It’s the week before Christmas, and you have booked your children’s flight to Colorado to meet you for a ski trip. The only problem? You find out the day before the flight that your children will not be waking up in their other parent’s home in Boston on Christmas morning, but at their grandparents’ home in Florida.
Such scenarios are all too common, whether due to purposeful subterfuge by your child’s other parent or mere miscommunication. While co-parenting can be at its most difficult during the holidays, there are steps you can take to keep planning on track.
- Get it in email. Never has “getting it in writing” been more natural. Confirming plans via email serves multiple purposes: it allows both parents to look up the information as a reminder, prevents misunderstandings, and if necessary can be provided to the court to show your efforts to cooperate with your child’s other parent.
- Set polite deadlines. (By email, as per point 1.) “I plan to book flights by December 9th, can you let me know where you will be spending the holiday with the kids by then?” Propose a reasonable amount of time, leave buffer room for an extension, and give the other parent an opportunity to present an alternative confirmation date. Send a reminder email a few days before your requested deadline. If you are still left hanging, you will at least have a paper trail to provide to the court if you seek judicial intervention.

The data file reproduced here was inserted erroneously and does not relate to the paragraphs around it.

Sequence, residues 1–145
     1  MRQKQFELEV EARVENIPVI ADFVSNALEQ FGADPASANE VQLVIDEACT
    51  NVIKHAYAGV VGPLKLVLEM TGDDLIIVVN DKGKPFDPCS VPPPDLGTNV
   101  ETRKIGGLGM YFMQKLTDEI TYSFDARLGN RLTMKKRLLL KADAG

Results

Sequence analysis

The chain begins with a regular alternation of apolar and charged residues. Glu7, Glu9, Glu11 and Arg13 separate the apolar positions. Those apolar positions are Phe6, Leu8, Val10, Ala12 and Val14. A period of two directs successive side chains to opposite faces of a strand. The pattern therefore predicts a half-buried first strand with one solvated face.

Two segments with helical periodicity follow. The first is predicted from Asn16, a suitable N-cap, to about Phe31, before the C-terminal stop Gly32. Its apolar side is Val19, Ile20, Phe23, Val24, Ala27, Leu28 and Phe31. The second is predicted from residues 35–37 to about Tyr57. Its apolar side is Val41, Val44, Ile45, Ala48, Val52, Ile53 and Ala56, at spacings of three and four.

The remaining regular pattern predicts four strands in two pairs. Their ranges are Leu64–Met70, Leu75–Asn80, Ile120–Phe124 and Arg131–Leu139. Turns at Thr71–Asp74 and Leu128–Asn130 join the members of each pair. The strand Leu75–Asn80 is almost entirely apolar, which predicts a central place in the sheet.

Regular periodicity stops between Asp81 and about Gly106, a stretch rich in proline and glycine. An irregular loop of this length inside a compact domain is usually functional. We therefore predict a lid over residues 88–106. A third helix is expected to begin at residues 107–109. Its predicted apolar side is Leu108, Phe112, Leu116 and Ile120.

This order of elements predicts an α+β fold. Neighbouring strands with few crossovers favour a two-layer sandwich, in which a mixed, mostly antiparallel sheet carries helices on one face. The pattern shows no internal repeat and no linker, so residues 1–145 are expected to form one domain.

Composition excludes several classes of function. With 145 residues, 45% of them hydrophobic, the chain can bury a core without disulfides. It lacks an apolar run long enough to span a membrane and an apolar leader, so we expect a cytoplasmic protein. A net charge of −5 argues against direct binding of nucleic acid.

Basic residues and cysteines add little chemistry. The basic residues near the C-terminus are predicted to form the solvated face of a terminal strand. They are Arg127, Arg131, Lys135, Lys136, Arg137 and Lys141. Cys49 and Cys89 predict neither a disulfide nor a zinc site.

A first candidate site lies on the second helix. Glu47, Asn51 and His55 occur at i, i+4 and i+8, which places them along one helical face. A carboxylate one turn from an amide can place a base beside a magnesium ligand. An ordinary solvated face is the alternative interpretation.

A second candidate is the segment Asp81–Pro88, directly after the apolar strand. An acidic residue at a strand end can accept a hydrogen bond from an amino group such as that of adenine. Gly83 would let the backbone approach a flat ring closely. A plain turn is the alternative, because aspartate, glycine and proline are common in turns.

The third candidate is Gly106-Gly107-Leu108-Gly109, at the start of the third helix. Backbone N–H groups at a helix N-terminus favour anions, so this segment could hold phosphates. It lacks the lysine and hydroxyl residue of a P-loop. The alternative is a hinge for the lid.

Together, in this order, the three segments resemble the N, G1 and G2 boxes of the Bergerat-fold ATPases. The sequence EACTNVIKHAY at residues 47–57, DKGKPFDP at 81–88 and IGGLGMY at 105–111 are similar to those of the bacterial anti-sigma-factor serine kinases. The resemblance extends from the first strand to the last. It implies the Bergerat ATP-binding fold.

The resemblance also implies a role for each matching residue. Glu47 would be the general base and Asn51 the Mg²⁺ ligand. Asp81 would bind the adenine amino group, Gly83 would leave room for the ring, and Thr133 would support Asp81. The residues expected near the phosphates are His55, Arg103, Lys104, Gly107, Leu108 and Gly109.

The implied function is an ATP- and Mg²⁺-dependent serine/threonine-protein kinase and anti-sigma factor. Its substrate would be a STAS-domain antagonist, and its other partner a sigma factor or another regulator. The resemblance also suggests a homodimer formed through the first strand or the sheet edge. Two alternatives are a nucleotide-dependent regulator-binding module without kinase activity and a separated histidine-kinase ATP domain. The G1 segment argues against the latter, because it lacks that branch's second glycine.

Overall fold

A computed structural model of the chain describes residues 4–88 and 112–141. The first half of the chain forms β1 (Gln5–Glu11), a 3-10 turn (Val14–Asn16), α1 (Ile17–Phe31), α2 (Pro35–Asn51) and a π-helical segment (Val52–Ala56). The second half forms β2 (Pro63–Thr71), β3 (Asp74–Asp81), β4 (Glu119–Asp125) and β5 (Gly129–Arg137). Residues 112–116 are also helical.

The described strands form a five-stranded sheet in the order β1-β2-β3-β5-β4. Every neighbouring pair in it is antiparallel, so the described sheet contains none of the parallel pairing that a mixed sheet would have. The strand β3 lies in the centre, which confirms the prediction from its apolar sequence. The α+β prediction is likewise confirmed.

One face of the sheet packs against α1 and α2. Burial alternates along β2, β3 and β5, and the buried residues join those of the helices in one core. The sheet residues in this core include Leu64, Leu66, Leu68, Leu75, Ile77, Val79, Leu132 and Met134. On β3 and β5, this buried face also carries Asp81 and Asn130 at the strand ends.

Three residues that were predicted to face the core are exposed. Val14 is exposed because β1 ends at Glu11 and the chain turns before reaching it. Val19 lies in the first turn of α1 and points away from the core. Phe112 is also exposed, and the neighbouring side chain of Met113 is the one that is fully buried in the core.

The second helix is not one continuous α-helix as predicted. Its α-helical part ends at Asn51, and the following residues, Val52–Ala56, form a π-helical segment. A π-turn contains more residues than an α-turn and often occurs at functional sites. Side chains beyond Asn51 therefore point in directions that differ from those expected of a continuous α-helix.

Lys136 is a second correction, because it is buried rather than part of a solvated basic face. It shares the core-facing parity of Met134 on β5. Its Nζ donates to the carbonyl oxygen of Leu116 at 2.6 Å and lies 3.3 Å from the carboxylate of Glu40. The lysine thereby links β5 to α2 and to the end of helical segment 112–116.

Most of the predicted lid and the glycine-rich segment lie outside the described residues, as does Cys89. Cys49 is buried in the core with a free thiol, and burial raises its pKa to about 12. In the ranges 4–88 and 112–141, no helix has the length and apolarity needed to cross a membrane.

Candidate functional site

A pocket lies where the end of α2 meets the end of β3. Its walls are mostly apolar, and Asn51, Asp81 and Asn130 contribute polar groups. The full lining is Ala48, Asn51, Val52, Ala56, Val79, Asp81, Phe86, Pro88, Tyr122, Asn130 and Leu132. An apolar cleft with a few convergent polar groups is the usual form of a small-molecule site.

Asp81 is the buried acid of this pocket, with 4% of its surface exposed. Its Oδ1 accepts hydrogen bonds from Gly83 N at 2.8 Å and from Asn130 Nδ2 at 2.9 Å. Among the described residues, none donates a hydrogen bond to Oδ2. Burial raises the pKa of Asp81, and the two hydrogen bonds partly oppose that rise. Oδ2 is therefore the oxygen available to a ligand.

- Remember that you can only control you. You cannot make your child’s other parent cooperate or value your holiday plans. Instead of expecting change, revel in your independence and take steps to prevent his or her inconsideration from ruining your holidays.
Post-divorce holidays may not always be easy, but by setting boundaries, you have the best possibility of harmony not only for the holidays but going forward as co-parents.